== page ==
Monday, January 30, 2012

Plan B

My German publisher asked me to write some extra scenes that could be used in marketing their translation of EDGE OF ESCAPE. Here's part 1:

Plan B
It had been more than two years since Eddie had discovered the abandoned stone cottage. He paused to listen before he turned off the well traveled path. It would not be good to have some spring hiker spot him today. He couldn’t take the chance that someone would stumble upon his hide-out now that he was so close . . . so close to implementing a plan that wasn’t the least bit evil, at least not to Eddie.

The scent of fresh dirt drifted up to his nose from the newly pawed earth at his feet. A deer or perhaps a squirrel had uprooted some buried acorns.

Something rustled behind him and he held his breath. His biggest fear was to have to make conversation with a stranger. The rustling continued and he moved forward, away from the tree with the big clump of pine branches, needles and even sticks and oak leaves that were jumbled into some kind of nest. The pine tree was his marker. The scenery along the winding trail was monotonously similar and if it hadn’t been for the nest he probably wouldn’t have found his way back to the stone cottage after that first time.

He remembered that awful yet lucky day. His cousins had turned against him. They had made a simple game of cards become a mean game of hitting and punching. Even their dog had seemed to enjoy the torture, barking and barking.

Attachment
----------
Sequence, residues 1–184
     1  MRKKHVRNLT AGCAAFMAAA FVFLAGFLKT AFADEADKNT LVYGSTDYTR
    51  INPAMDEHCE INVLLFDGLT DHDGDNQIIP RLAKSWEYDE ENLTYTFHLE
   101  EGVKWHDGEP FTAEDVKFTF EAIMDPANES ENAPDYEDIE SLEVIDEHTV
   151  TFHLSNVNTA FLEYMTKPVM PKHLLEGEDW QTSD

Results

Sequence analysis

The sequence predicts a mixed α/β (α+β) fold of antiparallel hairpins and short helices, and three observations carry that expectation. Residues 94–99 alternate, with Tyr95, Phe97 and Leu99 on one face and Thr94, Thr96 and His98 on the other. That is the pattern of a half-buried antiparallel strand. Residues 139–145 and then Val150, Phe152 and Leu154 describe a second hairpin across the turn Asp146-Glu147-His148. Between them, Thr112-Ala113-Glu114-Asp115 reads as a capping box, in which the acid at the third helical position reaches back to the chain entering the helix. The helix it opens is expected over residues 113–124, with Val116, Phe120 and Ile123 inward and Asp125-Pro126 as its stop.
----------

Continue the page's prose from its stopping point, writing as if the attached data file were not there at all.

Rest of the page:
He had made his escape, leaving his cousins to tell more lies to his aunt and his mother, as they always did. Was there ever a time when he hadn’t been blamed for the least little thing? He had run and run that day until he was exhausted. Finally he had reached the two mile marker on the wooded path and realized it would be best to turn around. He was half-way back when he surprised a deer and her fawn. On impulse he left the trail and followed the bobbing white tails.

And that was when he found it. The stone shelter was small, smaller than his own bedroom. Except for a bare clearing everything around the hut was overgrown with weeds. On that lonely summer day two and a half years ago, a few weeks before he started tenth grade, he claimed the cottage for himself. And for Rebecca.

(Excerpt from Extra Scenes for EDGE OF ESCAPE)

Saturday, January 28, 2012

Disecting One Little Sentence

Psalm 111:10 says “The fear of the LORD is the beginning of wisdom; all who follow his precepts have good understanding. To him belongs eternal praise.”

Fearing the LORD means respecting His law, His will, everything about Him. The word fear in the original Hebrew is “yir’ah” which can mean respect, reverence, or piety. The fear we should have is the fear that we would disrespect or offend Him. This is not a fear as in “terror” or “dread”. This is reverence which should go hand in glove with love, worship, and adoration.